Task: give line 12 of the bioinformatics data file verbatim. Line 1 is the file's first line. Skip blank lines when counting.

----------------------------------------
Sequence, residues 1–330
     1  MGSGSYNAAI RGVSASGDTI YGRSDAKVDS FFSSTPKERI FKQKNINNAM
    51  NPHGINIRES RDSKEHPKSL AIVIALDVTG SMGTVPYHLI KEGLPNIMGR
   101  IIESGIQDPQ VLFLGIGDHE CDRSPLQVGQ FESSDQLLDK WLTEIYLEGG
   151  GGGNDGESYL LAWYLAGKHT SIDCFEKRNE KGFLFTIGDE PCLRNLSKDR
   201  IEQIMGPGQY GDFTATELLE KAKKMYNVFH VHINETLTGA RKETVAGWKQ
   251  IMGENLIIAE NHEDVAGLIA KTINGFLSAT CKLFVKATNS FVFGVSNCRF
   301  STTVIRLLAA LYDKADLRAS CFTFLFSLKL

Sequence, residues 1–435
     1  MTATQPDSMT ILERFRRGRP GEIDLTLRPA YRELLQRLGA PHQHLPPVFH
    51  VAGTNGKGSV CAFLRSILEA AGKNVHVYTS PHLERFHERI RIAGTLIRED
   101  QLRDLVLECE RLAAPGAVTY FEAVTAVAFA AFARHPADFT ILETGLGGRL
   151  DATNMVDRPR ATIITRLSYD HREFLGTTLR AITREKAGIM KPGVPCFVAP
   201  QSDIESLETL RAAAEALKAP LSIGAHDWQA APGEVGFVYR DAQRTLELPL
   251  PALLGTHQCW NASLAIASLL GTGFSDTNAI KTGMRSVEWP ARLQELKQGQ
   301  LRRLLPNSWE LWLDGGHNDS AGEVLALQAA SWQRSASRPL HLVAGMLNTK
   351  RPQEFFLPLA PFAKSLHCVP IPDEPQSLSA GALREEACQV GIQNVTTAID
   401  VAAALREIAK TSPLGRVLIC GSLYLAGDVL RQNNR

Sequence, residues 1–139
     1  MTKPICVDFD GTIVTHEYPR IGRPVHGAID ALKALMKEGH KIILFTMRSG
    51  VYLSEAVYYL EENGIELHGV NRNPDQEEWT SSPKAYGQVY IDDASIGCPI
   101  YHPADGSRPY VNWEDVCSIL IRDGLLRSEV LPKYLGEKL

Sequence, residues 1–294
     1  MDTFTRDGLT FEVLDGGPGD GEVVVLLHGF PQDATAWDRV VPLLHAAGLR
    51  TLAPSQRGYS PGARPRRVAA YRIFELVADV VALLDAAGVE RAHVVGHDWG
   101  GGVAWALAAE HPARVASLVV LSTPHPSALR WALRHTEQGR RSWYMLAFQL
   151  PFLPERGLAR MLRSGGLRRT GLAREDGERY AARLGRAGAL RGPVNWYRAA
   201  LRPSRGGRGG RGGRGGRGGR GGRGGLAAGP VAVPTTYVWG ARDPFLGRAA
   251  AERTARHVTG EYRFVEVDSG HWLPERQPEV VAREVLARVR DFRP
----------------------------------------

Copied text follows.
   101  QLRDLVLECE RLAAPGAVTY FEAVTAVAFA AFARHPADFT ILETGLGGRL